Elon Musk’s extraordinary vision of an era when re-flown rockets are offered as a ‘routine service’ rather than the exception is a ‘major sea change getting closer’ to fruition with each passing day thanks to SpaceX, said SES CTO Martin Halliwell in an exclusive interview with Universe Today, following the stunning sunset blastoff of the SES-11 UHDTV commercial satellite on another ‘flight-proven’ Falcon 9 booster that also re-landed – thus completing another remarkable round of rocket recovery and recycling or ‘launch, land and relaunch!’
“As I’ve said before, I think in a couple years time you won’t even consider whether it’s a preflown rocket or a new rocket or a second time rocket,” SES Chief Technology Officer Martin Halliwell told Universe Today in a one-on-one post launch interview.
“It will just be a flight and you will buy a service to get to orbit – and that will be that!”
“It’s a major sea change,” Halliwell explained. “That’s absolutely true.”
“We’re getting closer to that every day. It’s exactly where we are going. There is no doubt about it.”
The private SES-11/EchoStar 105 communications satellite mission soared to space with an on time liftoff of the recycled SpaceX Falcon 9 first stage at dinnertime Wednesday Oct. 11 at 6:53 p.m. EDT from seaside Launch Complex 39A at NASA’s Kennedy Space Center in Florida.
“The launch was fantastic,” Halliwell gushed. “Everything went perfectly. The countdown went perfectly, no hiccups, no drama, nothing whatsoever. So we were good to go!”
Plus its saving SES “months of time” and thereby “tens of millions of dollars of real money” to fly with a used booster rather than having their expensive satellite sit and languish uselessly on the ground.
SES-11 is primarily intended to significantly upgrade SES capabilities to transmit Ultra High Definition (UHD) TV signals or 4 K vs. standard HDTV – thereby pulling in more revenue streams.
SES made rocket history jointly with SpaceX earlier this year when they became the first company ever to agree to fly a payload on a recycled liquid fueled rocket that SpaceX’s billionaire CEO Elon Musk dubs ‘flight-proven’.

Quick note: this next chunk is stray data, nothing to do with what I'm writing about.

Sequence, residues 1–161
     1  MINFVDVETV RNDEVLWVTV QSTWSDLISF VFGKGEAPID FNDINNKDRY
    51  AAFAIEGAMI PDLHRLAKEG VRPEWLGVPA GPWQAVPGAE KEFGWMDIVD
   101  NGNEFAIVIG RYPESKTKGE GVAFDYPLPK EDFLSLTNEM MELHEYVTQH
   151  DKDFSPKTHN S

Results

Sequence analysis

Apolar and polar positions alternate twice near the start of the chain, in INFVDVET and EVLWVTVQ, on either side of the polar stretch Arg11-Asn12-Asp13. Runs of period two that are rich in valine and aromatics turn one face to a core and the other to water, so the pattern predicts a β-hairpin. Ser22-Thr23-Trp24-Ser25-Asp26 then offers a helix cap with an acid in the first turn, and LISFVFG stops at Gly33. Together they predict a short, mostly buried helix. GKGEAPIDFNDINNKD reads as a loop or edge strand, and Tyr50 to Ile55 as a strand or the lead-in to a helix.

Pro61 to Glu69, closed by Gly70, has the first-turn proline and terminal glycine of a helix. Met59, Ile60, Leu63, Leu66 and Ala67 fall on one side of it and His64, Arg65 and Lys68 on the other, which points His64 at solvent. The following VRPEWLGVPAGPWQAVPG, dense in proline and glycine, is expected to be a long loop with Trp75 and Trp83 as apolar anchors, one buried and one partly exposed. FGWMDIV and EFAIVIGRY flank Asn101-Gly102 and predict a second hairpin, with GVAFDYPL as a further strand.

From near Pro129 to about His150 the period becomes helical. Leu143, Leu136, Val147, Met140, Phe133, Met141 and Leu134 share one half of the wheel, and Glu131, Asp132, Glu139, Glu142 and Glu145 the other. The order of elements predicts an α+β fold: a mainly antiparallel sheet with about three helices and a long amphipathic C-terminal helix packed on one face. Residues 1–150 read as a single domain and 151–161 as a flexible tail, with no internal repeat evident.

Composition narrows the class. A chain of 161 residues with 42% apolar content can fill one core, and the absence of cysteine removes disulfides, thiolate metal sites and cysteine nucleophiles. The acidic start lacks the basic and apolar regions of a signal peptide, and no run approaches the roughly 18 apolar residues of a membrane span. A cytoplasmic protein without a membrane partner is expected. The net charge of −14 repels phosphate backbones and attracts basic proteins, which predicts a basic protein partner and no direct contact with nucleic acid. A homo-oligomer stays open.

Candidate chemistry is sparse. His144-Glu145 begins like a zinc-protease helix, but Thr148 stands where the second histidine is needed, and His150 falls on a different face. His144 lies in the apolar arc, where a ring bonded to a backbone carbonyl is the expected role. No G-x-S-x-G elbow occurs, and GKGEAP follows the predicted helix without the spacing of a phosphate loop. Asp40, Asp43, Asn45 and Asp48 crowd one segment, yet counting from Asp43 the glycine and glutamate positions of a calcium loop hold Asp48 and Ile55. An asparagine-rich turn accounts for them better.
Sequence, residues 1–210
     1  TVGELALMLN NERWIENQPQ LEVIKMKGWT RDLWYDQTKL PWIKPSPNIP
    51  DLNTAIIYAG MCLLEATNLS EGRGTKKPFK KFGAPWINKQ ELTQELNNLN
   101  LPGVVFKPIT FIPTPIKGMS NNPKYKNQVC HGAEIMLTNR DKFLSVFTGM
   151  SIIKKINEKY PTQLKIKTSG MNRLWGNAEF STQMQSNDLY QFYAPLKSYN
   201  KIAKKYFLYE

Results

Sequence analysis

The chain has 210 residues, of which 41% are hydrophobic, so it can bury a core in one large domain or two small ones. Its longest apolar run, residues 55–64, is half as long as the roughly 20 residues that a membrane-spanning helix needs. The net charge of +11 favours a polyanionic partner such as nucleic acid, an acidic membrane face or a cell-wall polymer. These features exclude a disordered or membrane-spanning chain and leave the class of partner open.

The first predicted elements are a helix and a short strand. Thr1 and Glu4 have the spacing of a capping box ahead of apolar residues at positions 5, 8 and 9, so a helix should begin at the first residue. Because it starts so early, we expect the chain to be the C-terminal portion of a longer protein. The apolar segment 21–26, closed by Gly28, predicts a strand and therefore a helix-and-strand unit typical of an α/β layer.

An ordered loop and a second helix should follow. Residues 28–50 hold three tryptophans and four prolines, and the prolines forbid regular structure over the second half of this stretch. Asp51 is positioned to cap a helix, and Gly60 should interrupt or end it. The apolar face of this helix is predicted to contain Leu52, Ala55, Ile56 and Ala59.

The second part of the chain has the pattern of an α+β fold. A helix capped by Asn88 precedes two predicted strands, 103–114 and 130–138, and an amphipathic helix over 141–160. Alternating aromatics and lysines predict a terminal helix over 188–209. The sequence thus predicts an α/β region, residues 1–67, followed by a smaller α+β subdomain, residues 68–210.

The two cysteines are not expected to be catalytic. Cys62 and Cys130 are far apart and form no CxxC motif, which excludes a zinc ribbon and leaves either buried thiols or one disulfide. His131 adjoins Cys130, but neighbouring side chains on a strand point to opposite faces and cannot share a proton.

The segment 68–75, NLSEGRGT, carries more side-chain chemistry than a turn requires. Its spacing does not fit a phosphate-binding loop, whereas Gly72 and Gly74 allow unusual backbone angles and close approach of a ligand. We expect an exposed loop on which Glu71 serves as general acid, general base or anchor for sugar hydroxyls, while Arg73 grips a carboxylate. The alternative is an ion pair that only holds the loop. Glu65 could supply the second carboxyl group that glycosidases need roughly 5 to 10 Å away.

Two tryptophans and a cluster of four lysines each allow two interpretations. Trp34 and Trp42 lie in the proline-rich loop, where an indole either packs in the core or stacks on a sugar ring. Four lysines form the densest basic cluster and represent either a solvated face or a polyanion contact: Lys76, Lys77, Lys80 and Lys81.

And Halliwell, as SES Chief Technology Officer, was instrumental in partnering with SpaceX CEO Musk to take a big leap make that happen.
The maiden ‘used’ Falcon 9 lifted off successfully with the SES-10 satellite and delivered the comsat to geostationary orbit on March 30, 2017 – in a monumental space achievement.
“This was our second reflown mission with SpaceX for SES-11. And we had a lot of discussion about it.”
“The more that we looked at it and the transparency we’ve gotten from SpaceX, working together with them we were convinced of the ‘flight worthiness’ of the Falcon 9 vehicle,” Halliwell told me.
SpaceX successfully delivered the 5.7 ton EchoStar 105/SES-11 joint mission satellite for SES and EchoStar to geostationary transfer orbit some 22,000 miles (36,000 kilometers) above the equator.
EchoStar 105/SES-11 is a high-powered hybrid Ku and C-band communications satellite launching as a dual-mission satellite for US-based operator EchoStar and Luxembourg-based operator SES.
How exactly does Halliwell and SES assess whether its worth taking a gamble on a ‘flight-proven’ booster to ensure it meets the high standards expected and really is robust and reliable and not end in disaster? How did the booster fare after the first reflown mission for SES-10?
Halliwell explained that SES employs a team of engineers embedded with SpaceX.
“We have US citizens who work embedded with SpaceX,” Halliwell replied. “They can understand and filter and react to that data they are exposed to and see what’s going on. And then determine if we are good to go or not.”
Why did SES decide on using a pre-flown booster?
“We sat down with SpaceX to see how the launch manifest and scheduling looks and asked whats the best way we can get SES-11 to orbit? Do we wait for new equipment or does SpaceX have preflown equipment that you can make available to us after refurbishment?”